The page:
Early versions of the iPhone SDK were covered by a non-disclosure agreement. The agreement forbade independent developers from discussing the content of the interfaces. Apple discontinued the NDA in October 2008.
Any dependency on the future versions and upgrades for a proprietary software package can create vendor lock-in, entrenching a monopoly position.
Software limited to certain hardware configurations
Proprietary software may also have licensing terms that limit the usage of that software to a specific set of hardware. Apple has such a licensing model for macOS, an operating system which is limited to Apple hardware, both by licensing and various design decisions. This licensing model has been affirmed by the United States Court of Appeals for the Ninth Circuit.
Abandonment by proprietors
Proprietary software which is no longer marketed, supported or sold by its owner is called abandonware, the digital form of orphaned works. If the proprietor of a software package should cease to exist, or decide to cease or limit production or support for a proprietary software package, recipients and users of the package may have no recourse if problems are found with the software. Proprietors can fail to improve and support software because of business problems. Support for older or existing versions of a software package may be ended to force users to upgrade and pay for newer versions(planned obsolescence). Sometimes another vendor or a software's community themselves can provide support for the software, or the users can migrate to either competing systems with longer support life cycles or to FOSS-based systems.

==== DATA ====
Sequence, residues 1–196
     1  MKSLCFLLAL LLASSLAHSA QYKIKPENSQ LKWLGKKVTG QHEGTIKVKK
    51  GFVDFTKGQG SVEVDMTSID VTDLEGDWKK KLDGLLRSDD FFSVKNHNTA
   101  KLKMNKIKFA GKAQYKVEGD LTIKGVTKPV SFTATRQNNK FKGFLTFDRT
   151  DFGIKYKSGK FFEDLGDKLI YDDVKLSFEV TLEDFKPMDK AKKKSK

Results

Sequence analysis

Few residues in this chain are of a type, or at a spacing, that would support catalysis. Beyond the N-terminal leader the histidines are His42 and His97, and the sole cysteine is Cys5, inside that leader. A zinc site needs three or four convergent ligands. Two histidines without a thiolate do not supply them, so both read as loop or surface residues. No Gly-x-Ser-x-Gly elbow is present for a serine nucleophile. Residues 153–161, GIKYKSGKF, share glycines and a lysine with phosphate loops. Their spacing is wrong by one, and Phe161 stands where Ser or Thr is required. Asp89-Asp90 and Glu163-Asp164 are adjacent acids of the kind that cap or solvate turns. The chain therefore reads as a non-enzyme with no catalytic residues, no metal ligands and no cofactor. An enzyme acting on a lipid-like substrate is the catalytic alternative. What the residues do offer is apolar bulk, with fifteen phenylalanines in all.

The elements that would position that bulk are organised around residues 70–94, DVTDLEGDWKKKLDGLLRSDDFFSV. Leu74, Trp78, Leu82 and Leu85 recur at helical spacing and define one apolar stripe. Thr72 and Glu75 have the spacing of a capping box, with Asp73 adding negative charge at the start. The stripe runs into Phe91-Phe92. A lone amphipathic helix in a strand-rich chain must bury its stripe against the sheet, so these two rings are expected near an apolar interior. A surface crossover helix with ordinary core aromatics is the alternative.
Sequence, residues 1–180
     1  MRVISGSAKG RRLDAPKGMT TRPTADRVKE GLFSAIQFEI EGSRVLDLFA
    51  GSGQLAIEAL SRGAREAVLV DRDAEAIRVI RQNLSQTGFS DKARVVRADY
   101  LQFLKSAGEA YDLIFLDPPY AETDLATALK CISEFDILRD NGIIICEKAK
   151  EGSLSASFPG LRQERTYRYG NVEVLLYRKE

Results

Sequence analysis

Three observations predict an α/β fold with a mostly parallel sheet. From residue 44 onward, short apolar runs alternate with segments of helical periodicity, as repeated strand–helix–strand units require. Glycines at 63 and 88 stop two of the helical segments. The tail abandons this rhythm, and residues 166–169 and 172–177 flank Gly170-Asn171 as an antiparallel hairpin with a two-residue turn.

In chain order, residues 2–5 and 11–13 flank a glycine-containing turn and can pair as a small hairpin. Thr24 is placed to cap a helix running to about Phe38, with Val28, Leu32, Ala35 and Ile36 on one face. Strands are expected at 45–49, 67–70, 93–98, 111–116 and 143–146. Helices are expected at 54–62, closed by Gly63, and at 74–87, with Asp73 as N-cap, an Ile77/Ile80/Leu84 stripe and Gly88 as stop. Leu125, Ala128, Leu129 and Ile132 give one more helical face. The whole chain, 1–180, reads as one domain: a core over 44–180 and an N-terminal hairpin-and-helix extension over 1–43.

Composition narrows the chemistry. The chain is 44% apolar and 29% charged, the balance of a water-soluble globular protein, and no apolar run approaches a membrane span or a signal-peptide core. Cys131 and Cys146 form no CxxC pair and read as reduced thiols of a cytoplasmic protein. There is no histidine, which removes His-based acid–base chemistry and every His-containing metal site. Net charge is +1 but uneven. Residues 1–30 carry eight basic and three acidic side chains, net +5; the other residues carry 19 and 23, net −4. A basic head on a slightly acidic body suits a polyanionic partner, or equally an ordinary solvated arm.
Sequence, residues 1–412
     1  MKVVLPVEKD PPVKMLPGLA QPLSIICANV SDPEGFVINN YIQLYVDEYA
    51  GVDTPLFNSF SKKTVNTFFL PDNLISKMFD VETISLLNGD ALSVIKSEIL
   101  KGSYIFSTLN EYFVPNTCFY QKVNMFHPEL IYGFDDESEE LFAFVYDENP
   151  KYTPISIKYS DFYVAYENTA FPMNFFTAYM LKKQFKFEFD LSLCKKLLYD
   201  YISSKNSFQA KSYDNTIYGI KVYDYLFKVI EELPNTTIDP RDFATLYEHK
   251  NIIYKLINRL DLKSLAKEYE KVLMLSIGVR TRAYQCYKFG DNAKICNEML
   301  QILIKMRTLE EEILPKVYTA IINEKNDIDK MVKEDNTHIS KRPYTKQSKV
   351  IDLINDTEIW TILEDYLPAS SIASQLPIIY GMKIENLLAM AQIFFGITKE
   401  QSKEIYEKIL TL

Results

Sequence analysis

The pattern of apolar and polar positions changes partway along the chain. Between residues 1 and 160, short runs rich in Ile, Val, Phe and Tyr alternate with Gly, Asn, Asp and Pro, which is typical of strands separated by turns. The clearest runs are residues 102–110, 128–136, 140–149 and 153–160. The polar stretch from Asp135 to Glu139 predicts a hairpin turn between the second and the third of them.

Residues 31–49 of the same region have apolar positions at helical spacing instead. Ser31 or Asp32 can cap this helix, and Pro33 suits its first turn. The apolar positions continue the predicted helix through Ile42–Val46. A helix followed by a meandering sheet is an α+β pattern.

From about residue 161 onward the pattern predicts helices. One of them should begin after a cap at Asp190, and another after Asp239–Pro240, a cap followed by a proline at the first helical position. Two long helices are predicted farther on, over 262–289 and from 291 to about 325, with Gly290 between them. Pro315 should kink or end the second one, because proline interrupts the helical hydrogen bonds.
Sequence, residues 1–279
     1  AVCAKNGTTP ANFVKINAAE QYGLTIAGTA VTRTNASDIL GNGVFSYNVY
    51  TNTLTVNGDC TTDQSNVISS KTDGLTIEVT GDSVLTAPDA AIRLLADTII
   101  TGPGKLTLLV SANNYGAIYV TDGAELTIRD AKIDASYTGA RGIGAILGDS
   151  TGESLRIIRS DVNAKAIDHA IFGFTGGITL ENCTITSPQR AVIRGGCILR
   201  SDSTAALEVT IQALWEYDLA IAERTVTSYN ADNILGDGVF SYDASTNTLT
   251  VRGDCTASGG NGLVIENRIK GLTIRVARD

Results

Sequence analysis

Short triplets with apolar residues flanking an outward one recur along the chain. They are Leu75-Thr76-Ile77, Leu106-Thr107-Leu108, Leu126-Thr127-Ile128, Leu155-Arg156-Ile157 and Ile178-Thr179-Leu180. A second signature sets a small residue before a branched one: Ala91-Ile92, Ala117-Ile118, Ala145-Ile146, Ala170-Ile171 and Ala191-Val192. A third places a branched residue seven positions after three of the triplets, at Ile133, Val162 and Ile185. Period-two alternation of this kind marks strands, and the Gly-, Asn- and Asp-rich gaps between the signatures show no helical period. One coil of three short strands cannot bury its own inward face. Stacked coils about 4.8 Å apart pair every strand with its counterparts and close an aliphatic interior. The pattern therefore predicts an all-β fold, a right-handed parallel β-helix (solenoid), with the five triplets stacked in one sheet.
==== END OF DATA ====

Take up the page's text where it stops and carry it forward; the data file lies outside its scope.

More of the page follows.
Some proprietary software is released by their owner at end-of-life as open-source or source available software, often to prevent the software from becoming unsupported and unavailable abandonware. 3D Realms and id Software are famous for the practice of releasing closed source software into the open source.[further explanation needed] Some of those kinds are free-of-charge downloads (freeware), some are still commercially sold (e.g. Arx Fatalis).[further explanation needed] More examples of formerly closed-source software in the List of commercial software with available source code and List of commercial video games with available source code.
Formerly open-source software
Some formerly open-source software was made proprietary later. Sometimes for commercialization reasons, sometimes as security or anti-cheat measurement (Security through obscurity).
Pricing and economics